Toronto Maple Leafs forward Mason Raymond was angry during the summer, and it turns out he had a good reason to be.
Raymond didn't doubt that he still could be an NHL player, even a top-six NHL player, but no one in a position of power was telling him the same thing. An unrestricted free agent, Raymond couldn't get a guaranteed contract before training camp began, a likely victim of the salary cap going down by approximately $6 million from the 2012-13 season.
"There are a couple of routes you could take in situations like that, but I believed in myself and my capabilities," Raymond told NHL.com. "To be honest, I had a pretty good year last year and that was a big part of it. There are a lot of what-ifs but I focused on what I had to do."
He trained and waited. He stayed ready and optimistic that someone was going to call, that his NHL career would continue.
"You want to prove to everybody you're still worthy of a job in the NHL and make it look like other teams maybe should have grabbed you," Raymond said.
He's doing that now.
Raymond finally got his chance when Maple Leafs general manager Dave Nonis brought him to training camp on a professional tryout contract. Nonis drafted Raymond (No. 51) in 2005, when he was the general manager of the Vancouver Canucks. They trust each other, and so far Raymond has made Nonis' decision look like a genius move.
He was the Maple Leafs' leading scorer in the preseason with five points in five games and that earned him a one-year, $1 million contract. His production has carried over into the regular season. Raymond has 11 points (five goals, six assists) in 15 games. He has helped Toronto win 10 of its first 15 games while playing in a top-six role.
"As the summer progressed I thought I would go somewhere and find a new home for my family, and that wasn't the case," Raymond said. "I had to go in on a PTO, but it was an opportunity. It's a process. You go through those steps, and I believe in myself. Dave Nonis was exceptionally good to me and still is. He was a big part of why I went to Toronto."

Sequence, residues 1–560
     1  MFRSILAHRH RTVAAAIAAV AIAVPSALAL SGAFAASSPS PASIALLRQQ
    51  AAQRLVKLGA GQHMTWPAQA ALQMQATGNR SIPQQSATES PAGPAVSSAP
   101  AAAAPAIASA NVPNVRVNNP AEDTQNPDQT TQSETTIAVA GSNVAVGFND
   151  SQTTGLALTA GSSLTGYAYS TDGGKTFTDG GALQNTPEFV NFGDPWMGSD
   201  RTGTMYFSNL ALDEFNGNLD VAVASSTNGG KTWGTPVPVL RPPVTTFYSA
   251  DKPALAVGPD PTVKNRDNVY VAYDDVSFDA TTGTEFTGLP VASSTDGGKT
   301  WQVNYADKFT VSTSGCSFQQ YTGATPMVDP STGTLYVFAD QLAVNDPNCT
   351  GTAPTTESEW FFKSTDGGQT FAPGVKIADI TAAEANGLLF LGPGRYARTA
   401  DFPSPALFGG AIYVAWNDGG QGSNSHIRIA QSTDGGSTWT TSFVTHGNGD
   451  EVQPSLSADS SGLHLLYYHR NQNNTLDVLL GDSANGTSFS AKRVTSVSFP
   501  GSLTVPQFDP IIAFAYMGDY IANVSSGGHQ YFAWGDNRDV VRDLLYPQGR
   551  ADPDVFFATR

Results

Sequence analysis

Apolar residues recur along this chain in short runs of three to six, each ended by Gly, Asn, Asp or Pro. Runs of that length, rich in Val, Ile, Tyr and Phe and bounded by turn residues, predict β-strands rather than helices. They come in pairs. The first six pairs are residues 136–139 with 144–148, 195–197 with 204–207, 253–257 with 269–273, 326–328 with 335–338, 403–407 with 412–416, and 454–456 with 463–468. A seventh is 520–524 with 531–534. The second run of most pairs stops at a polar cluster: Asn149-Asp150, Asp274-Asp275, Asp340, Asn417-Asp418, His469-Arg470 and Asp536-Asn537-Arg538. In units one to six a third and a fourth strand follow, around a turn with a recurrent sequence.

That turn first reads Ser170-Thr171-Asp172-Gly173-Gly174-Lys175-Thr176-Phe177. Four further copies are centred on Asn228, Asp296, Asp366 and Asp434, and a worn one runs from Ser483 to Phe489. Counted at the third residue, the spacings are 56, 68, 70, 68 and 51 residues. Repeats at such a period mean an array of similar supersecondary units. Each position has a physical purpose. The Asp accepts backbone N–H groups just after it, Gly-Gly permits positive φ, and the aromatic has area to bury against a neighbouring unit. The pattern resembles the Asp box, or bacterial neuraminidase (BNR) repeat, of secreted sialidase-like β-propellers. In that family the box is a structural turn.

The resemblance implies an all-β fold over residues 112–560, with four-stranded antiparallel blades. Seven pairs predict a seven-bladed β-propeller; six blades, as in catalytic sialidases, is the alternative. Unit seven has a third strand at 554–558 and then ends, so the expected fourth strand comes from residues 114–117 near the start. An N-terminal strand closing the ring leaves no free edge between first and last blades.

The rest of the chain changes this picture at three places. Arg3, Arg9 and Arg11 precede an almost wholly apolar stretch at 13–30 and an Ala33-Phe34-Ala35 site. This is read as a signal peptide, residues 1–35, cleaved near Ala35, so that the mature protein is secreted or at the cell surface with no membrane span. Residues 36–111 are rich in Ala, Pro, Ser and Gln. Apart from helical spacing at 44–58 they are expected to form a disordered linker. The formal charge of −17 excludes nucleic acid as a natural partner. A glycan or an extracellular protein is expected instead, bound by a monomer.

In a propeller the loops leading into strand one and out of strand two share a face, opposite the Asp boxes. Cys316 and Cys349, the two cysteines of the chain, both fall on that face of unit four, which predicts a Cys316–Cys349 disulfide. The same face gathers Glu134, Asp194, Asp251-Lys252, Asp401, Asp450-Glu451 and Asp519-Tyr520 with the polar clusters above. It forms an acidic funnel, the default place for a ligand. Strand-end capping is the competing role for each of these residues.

Raymond said the mental part of changing homes and teams has been easy to deal with because it has been good for him. He likes having new teammates, a new coach and new surroundings. He feels re-energized him after six seasons with the Canucks, and he isn't surprised with how productive he has been so far.
"I totally believed I could do this, whether it was going in on a PTO or going in somewhere on a contract," Raymond said. "People don't like change, but change can be a good thing and it's been a great thing for myself and my family. I'm so grateful to be in Toronto to get the opportunity.
"Change was something that was needed and I'm glad it has happened to me."
Raymond, though, won't allow himself to feel comfortable. It was a tough summer for him and his pride, but he learned that nothing is guaranteed in the NHL, no matter how good you think you are.
"I've learned a lot of things playing in the NHL, a ton of life lessons in and out of hockey," he said, "and one of them is getting comfortable can get you into trouble."
Parise, Koivu searching for the right RW
The Minnesota Wild entered their game Tuesday against the Calgary Flames having won five of six games in part because their second line of Jason Pominville, Mikael Granlund and Nino Niederreiter had combined for 21 points (10 goals, 11 assists).
Zach Parise and Mikko Koivu have been mainstays on the top line, but the problem has been finding a right wing to play with them. Prior to the game Tuesday, Parise told NHL.com it was holding he and Koivu back.
"It's been a revolving door," Parise said.
The door opened again for Charlie Coyle against the Flames and it should stay open for him for a while. Koivu, Parise and Coyle combined for the Wild's first goal in a 5-1 win. Parise and Koivu finished the night with three points. Coyle had one assist in what was his fourth game of the season because of a knee injury.
Parise definitely wants to see Coyle stay with him and Koivu. He thinks Coyle fits well on the line because of his size, the way he skates up and down the wall and the way he can protect the puck in the corners.
"I know there was talk of him playing center and I don't know if they still plan on him doing that, but I liked playing with him last year," Parise said. "We were still getting to know each other as linemates but we played pretty well in spurts."
Capitals' Ward working on a significant change
At coach Adam Oates' request, Washington Capitals right wing Joel Ward started cutting down on the length of his stick shaft last season. He still is tinkering with it this season, but Ward said his stick is shorter now than it ever has been and it's helped his offensive game.
Ward had a hat trick against the Philadelphia Flyers last Friday and entered the game Tuesday against the New York Islanders with six goals and 10 points in 15 games. He had eight goals and 20 points in 39 games last season and six goals and 18 points in 73 games in 2011-12.